1

If possible, perhaps with a very mildly negative connotation, with the suggestion that said behavior of staying up late is not necessarily productive and potentially avoidable.

11
  • 1
    Metaphorical 'owl' is often used without the adjective, contrasting with 'lark'. May 10, 2017 at 21:32
  • I don't know a single word, but I had a look online to see if the phrase 'dirty stop-up' existed as a variation of 'dirty stop-out' and it apparently does- to some extent at least. A 'dirty stop-out' is, in British English, someone who stays out later than than is thought proper, though it's use is now generally jocular it is pejorative.
    – Spagirl
    May 10, 2017 at 21:33
  • 2
    It seems that 'moonlighter' used to mean "commit crimes at night". That would be very close for you if it still did, but it doesn't anymore. But most of the time, if you're moonlighting, whatever you're doing might be considered a possible interference to your 'day' job. However, it's generally seen as doing some activity, not just sitting around watching late night T.V.
    – John
    May 10, 2017 at 21:34
  • There's lucubrator, but I'd say its connotations are closer to mildly-positive than mildly-negative, at least in regards to the staying-up-late. Of course, the pejorative term that I've most often heard used by morning people is lazy, in reference to when night owls arise in the morning as much as to when they (we) go to bed.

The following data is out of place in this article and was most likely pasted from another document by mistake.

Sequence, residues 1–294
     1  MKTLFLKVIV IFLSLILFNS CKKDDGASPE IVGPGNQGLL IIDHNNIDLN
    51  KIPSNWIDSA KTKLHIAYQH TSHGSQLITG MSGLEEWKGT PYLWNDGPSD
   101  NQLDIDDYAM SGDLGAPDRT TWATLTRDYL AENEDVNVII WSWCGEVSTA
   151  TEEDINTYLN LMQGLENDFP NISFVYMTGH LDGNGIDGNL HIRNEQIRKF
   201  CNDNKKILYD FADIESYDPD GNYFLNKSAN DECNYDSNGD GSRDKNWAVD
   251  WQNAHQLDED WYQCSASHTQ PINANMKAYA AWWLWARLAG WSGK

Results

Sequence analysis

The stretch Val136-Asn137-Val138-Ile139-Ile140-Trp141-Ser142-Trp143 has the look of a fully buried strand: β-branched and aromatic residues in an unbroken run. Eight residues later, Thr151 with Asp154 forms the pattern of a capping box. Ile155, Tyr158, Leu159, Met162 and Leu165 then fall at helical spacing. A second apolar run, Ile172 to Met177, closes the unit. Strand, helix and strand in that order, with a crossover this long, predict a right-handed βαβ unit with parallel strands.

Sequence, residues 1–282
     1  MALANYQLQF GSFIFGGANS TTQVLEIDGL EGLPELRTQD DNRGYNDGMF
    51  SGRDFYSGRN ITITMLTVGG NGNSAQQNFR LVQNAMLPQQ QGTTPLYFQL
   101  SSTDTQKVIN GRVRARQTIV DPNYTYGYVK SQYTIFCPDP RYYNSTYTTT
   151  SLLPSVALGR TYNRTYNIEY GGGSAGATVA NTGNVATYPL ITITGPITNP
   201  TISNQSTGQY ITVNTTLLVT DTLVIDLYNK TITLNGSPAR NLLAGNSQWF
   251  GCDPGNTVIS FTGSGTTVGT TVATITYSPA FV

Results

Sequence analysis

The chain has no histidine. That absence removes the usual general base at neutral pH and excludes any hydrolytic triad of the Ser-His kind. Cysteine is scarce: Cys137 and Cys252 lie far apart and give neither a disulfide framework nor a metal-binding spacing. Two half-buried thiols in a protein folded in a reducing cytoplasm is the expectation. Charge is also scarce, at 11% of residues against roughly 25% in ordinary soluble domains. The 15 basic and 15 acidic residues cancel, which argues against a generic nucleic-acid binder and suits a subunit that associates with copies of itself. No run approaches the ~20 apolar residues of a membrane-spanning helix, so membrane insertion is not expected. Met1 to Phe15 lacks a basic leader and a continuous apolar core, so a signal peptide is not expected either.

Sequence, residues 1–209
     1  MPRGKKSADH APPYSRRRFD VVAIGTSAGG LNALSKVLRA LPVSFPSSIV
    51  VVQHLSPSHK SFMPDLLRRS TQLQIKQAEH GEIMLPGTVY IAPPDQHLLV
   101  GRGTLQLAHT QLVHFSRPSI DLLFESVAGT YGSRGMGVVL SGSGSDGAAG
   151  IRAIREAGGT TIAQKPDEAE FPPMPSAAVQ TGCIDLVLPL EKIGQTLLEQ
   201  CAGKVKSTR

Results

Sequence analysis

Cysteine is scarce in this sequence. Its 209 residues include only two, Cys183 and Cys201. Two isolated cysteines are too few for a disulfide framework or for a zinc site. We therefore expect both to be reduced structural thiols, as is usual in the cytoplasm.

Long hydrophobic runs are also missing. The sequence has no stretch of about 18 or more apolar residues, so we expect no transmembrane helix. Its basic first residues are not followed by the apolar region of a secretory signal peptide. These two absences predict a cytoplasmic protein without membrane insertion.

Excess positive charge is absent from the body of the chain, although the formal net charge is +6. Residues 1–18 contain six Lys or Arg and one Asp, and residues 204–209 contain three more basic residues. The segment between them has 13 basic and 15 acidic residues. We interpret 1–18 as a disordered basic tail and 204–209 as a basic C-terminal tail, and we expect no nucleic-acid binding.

– 1006a
    May 10, 2017 at 21:35
  • The M-W Thesaurus gives nighthawk as a synonym for night owl, but I am unsure if this has the desired connotation. May 10, 2017 at 21:54

2 Answers 2

1

Night owl is a "single word." Ignore the space. You could write it nightowl. At any rate it's a single compound word.

See the post on Grammarly.

1
  • Here's a link for you to add to your answer.
    – Lawrence
    Jul 10, 2017 at 0:22
0

Insomniac may be what you are looking for. Although its official (medical) definition is someone who can't sleep; in unofficial, informal uses, this word's meaning shades over into someone who won't sleep.

Also, since you're trying to imply compulsive, self-destructive behavior, it's perfect for someone whose true insomnia is brought about by their compulsion.

Finally, if you're amenable to a multi-word idiom, English has one that means precisely what you want : burning the candle at both ends.

(Cambridge):

to work or do other things from early in the morning until late at night and so get very little rest

3
  • 4
    An excuse to quote one of my favourite poems: 'My candle burns at both ends; It will not last the night; But ah, my foes, and oh, my friends— It gives a lovely light!'
    – Spagirl
    May 10, 2017 at 22:34
  • @Spagirl Thank you for your poetic reassurance on my intractable nocturnal activites! May 10, 2017 at 22:46
  • This is close, but the common interpretation of insomniac seems to be more along the lines of "one who has trouble sleeping" vs. "one who chooses not to sleep." Of all the great suggestions offered so far I think "night owl" best captures what I want to communicate, so I'll have to accept that there may not be an appropriate single word in the situation.
    – dekaliber
    May 18, 2017 at 5:56

Not the answer you're looking for? Browse other questions tagged or ask your own question.